Tuesday, June 9th 2020, 5:30 am - Here are the top 5 Canadian cities for tree and grass pollen sufferers
You dreamt of spring during the bitter cold months but now that it’s here, you may be itching for the season to pass as quickly as possible.
The flowering trees are blooming and lawns are a cheery green, but instead of smiling all you’re doing is sniffling, sneezing and reaching for a tissue.
For seasonal allergy sufferers, it’s enough to make you want to leave town for less pollen-packed areas – and for good! You may just be allergic to your city, especially if you suffer from grass and tree allergies and you live in Victoria, BC and cities in Southern Ontario like Brampton, Barrie, London and Windsor.
“You don’t need to move! There are very effective treatments available” to treat annoying symptoms, says Dr. Susan Waserman, Professor of Medicine and Division Director of Clinical Immunology and Allergy at McMaster University.
Runny noses and itchy eyes can be treated so you can venture outdoors and enjoy your backyard, but there are some cities in Canada that are better than others to live in if you have certain allergies.
“The best cities are clearly going to depend on what you are allergic to,” says Waserman.
Here’s where you’re wishing you were – the best cities to live in based on grass season, according to pollen expert Dawn Jurgens, director of operations at Aerobiology Research Laboratories in Ottawa.
- Saint John, NB has the shortest grass season with the fewest High days and no Very High pollen grass count. The season lasts around 116 days.
- Halifax has no High and Very High days but the season is slightly longer.
- Calgary hosts the longest season at around 130 days but only one or two days of High levels of grass.
- Regina is great for allergy sufferers of both grass and tree pollen. It’s a shorter grass season than Calgary by a couple of days but with a few more days at High levels.
- St. John’s, NF is comparable to Regina, but has the most High days of the top five cities.
Top 5 best cities to live in if you have tree allergies, according to Jurgens:
- St. John’s, NF has consistently had the shortest tree pollen season over the past 10 years, with the fewest pollen-packed days in the Very High and High level ranges. The main tree pollen types here are Alder, Pine, Birch and Oak.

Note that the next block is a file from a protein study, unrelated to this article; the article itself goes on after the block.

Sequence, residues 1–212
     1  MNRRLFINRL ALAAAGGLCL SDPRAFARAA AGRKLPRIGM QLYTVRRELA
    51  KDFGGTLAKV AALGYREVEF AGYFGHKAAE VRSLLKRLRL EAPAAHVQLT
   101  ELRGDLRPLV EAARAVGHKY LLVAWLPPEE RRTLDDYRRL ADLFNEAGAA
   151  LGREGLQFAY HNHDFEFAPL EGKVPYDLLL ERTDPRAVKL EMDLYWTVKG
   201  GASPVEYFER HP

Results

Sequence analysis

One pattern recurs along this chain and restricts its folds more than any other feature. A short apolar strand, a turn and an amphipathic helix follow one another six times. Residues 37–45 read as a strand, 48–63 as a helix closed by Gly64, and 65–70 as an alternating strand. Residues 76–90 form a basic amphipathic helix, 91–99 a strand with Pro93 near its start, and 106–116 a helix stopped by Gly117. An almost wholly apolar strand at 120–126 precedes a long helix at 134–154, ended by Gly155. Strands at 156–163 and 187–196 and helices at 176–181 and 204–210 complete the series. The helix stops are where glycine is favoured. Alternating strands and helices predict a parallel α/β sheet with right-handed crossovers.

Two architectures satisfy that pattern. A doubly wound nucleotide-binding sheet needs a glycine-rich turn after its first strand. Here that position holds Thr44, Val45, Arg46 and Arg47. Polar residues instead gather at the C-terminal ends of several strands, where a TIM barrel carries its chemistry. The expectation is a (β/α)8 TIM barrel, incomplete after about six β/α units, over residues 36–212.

- Charlottetown is similar to St. John’s with a short season, but has double the amount of high days compared to St. John’s. Count on approximately 30 days on average in High to Very High range. Main tree pollen types are Pine, Birch, Alder, Poplar and Maple.
- Regina has good and bad news – it has the shortest season of all the top five cities but it has three times more High to Very High levels days than top spot St. John’s. Most common tree culprits include Elm, Oak, Maple and Birch.
- Edmonton comes in fourth – it has a longer season than the top three cities but roughly 37 days of High to Very High days, comparable to Regina. Common tree offenders are Pine, Alder, Birch, Poplar and Maple.
- Saint John, NB is a lot like Edmonton. The season is a few days shorter on average than Edmonton but has approximately seven to eight days more in the High to Very High levels for pollen.
Weeds can also be an allergy sufferer’s nightmare. Saint John, NB and St. John’s, NF appear in the top five places to live if your allergies sprout in tree and grass seasons, and the same goes for weed season. Other great places to live if you want to escape weed allergies are Halifax, Edmonton and Fredericton, according to Jurgens.
Meanwhile, wherever you live, allergy sufferers can get relief for mild to moderate symptoms with over-the-counter antihistamines and nasal steroids, adds Waserman. “If they’re not resolved, speak to your family doctor and ask for an allergy referral. Any immunotherapy requires an allergy referral for skin testing first.”
Allergies can be a problem no matter where you live in Canada. Even better-than-average cities don’t guarantee that you’ll breathe easier and sneeze less. Allergies, especially seasonal allergies to trees and grass, can develop at any time in adulthood, and even if you decide to move, you may end up developing sensitivity to another troublesome allergen.
Wherever you are, the best thing to do when allergy season comes around is to check the pollen count daily, and treat symptoms accordingly.
This article is based on an interview conducted by The Weather Network with Dr. Susan Waserman, Professor of Medicine and Division Director, Clinical Immunology and Allergy at McMaster University.
This article is based on an interview conducted by The Weather Network with Dawn Jurgens, director of operations at Aerobiology Research Laboratories in Ottawa.
Thumbnail image source: Getty Images